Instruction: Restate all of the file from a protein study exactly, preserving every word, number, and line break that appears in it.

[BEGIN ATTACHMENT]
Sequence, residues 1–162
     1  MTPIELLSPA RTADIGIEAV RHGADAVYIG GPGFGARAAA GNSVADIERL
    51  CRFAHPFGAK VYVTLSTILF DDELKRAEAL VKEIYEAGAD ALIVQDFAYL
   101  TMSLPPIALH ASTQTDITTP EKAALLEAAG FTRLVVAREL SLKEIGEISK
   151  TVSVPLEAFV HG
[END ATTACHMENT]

Sequence, residues 1–162
     1  MTPIELLSPA RTADIGIEAV RHGADAVYIG GPGFGARAAA GNSVADIERL
    51  CRFAHPFGAK VYVTLSTILF DDELKRAEAL VKEIYEAGAD ALIVQDFAYL
   101  TMSLPPIALH ASTQTDITTP EKAALLEAAG FTRLVVAREL SLKEIGEISK
   151  TVSVPLEAFV HG